Talent recruitment still receives 14 percent of the funds received across all funding stages. But attracting new talents doesn’t seem to be perceived as the biggest priority for fund allocation.
Challenges and opportunities
Whilst there is huge tech potential in the region, there are still significant roadblocks that need to be addressed for the region to maintain its competitive edge as a tech start-up powerhouse. After a few years of business disruption, East African start-ups seem tuned in to potential impacts of events happening on the global stage on the region. This is how 55 percent of respondents identify the risk of a global recession and / or national economic situations as a potential threat, with 32 percent identifying this as a very high barrier.
56 percent of respondents also identify the reliance on international VCs as a high risk for business growth, an interesting figure to look at considering survey answers were collected shortly before the SVB crisis unfold.
Most importantly, 59 percent of respondents perceive the lack of access to investors as a business barrier. In light of the SVB crisis, East African start-ups’ appetite to diversify their sources of funding is likely to only increase.
Positive developments are also underlined as part of this exclusive report, with many opportunities for growth being identified by start-ups. The report highlights that greater networks of supporting incubators (57 percent), a widening of the pool of industries receiving funds (56 percent) as well as the rise of local VCs / funding opportunities (55 percent) all represent excellent prospects for growth for East African tech start-ups. The report also highlights that 74 percent of respondents identify sustainability as very relevant for their business mission.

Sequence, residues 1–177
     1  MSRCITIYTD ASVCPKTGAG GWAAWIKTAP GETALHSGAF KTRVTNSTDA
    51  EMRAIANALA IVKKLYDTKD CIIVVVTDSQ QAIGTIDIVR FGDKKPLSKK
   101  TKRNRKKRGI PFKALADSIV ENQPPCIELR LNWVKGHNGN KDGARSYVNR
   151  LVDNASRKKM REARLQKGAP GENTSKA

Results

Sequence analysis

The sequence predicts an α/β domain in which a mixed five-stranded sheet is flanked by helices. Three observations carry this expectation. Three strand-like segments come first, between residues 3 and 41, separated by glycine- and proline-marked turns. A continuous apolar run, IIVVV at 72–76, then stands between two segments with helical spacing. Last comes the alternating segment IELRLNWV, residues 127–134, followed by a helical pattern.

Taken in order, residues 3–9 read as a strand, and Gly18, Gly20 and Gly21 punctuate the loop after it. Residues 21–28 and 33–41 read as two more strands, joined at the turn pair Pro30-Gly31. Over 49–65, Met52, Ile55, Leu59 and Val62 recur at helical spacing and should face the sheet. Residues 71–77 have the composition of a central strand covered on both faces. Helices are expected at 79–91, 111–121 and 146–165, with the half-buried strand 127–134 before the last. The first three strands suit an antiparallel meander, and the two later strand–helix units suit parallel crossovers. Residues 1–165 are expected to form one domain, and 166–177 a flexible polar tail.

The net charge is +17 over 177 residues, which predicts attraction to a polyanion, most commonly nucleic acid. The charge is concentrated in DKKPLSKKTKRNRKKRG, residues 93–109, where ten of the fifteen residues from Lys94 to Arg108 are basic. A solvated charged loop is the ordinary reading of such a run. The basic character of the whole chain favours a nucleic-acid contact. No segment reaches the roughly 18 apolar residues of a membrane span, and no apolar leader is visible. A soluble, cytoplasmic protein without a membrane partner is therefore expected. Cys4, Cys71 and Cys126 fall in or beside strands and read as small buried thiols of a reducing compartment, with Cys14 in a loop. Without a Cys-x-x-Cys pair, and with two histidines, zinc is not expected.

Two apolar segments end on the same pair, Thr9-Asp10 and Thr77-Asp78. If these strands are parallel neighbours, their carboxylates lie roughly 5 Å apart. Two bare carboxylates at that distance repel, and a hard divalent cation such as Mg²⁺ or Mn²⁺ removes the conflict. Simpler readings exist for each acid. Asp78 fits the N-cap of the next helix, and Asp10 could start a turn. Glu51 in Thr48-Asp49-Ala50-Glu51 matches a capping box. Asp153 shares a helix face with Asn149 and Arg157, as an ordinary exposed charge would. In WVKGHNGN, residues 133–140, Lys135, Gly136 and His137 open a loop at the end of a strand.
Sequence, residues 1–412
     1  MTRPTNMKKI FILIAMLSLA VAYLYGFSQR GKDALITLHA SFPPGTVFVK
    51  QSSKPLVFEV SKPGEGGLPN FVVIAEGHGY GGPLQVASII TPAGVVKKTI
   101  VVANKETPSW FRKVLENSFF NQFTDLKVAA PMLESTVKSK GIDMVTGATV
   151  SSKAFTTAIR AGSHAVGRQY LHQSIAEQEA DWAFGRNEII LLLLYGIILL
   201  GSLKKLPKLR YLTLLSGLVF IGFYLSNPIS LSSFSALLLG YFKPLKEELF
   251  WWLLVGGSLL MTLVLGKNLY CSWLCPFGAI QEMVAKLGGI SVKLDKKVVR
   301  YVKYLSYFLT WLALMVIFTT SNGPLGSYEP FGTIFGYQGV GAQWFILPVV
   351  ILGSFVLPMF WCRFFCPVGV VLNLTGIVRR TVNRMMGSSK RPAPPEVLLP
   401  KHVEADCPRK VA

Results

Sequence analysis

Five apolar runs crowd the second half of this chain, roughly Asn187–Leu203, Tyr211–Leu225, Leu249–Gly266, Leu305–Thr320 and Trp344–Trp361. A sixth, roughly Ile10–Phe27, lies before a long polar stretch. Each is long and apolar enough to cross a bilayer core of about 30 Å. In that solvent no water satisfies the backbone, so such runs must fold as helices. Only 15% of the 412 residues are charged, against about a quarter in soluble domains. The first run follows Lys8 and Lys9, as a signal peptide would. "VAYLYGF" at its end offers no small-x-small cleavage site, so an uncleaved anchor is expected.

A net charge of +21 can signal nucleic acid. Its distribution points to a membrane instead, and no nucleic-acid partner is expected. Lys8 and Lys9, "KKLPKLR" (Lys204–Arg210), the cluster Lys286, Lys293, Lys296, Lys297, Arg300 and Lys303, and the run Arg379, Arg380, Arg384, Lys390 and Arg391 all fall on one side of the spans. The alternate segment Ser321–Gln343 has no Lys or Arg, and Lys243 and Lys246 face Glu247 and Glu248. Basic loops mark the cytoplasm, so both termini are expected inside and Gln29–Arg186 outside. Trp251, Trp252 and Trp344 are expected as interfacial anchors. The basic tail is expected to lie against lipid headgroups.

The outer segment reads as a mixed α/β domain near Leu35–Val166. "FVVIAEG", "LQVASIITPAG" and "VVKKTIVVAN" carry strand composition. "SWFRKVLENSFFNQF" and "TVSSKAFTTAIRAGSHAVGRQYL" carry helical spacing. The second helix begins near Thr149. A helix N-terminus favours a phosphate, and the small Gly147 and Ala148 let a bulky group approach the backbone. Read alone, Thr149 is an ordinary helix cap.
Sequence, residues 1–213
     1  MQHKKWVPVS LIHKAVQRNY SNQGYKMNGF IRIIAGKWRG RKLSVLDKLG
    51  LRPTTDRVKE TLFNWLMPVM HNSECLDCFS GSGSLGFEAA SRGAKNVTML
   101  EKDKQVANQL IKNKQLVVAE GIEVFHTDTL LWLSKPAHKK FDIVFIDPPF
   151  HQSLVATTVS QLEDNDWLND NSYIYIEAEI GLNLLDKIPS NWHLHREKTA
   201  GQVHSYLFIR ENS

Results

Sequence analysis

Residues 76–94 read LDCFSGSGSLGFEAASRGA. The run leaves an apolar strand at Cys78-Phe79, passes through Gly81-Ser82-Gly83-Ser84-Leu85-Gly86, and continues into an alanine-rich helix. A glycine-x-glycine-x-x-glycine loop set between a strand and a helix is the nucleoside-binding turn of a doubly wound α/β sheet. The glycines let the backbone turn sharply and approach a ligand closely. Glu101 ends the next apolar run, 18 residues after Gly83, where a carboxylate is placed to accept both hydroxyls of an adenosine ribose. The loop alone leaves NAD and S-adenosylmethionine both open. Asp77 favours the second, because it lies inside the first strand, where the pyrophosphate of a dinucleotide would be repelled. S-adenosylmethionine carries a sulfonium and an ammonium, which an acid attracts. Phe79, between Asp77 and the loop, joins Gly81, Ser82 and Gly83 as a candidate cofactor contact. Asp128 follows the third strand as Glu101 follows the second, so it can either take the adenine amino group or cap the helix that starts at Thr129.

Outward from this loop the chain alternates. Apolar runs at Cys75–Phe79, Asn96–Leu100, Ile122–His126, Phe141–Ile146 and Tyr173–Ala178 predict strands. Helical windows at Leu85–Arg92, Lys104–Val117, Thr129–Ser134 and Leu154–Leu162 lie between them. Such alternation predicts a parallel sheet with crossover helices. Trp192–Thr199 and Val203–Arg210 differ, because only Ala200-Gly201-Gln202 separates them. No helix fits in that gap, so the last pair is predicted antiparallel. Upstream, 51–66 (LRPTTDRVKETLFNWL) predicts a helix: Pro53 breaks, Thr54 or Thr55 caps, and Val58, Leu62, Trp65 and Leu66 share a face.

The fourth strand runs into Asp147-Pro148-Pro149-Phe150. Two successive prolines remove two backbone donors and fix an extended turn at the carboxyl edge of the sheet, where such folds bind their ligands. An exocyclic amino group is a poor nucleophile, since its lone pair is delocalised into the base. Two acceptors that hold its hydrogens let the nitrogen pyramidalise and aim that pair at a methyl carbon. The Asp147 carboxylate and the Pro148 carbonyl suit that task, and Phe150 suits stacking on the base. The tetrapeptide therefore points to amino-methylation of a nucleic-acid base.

AHUB East, powering East African start-ups during East Africa Com
‘We are proud to present these survey results which help us keep the pulse on East Africa’s vibrant tech start-up scene to better assess how our programme and networking experiences can help deliver solutions for promising tech businesses to access funding, be agile and resilient, whilst remaining both innovative and competitive’ said Ciara McDonald Heffernan, Head of Events for East Africa Com. ‘Start-ups are a driving force towards economic growth in East Africa, but now more than ever we are determined to focus our efforts on creating a favourable environment for tech start-ups to thrive.’
As a result, East Africa Com will host on April 26 an exclusive day dedicated to unlocking new opportunities for the region’s tech start-ups, AHUB East. AHUB East will deliver a powerful mix of content with a focus, among other topics, on the critical role of the region’s tech start-up ecosystem to create a sustainable future across Africa, what the SVB crash means for start-ups across the region, and how to stand out to potential investors. To provide a wide array of perspectives, investors from Ingressive Capital, Wadson Ventures, South B Group, Africa50 and more will take the stage alongside some of the region’s most exciting start-ups, including Waga Tanzania, AFAYREKOD, Lifesten Health and more.
AHUB East will also be home to a lively pitch competition where tech start-ups will battle on stage as they showcase their solutions in front of a live audience of hundreds of tech and telecom leaders. Judging the live pitches and providing 1-2-1 feedback to the competitors will be tech start-up experts Laurie Fuller, Venture Partner at Raiven Capital, Dario Giuliani, Founder & Director at Briter Bridges and John Kimani, Developer Ecosystem Program Manager at Google Kenya.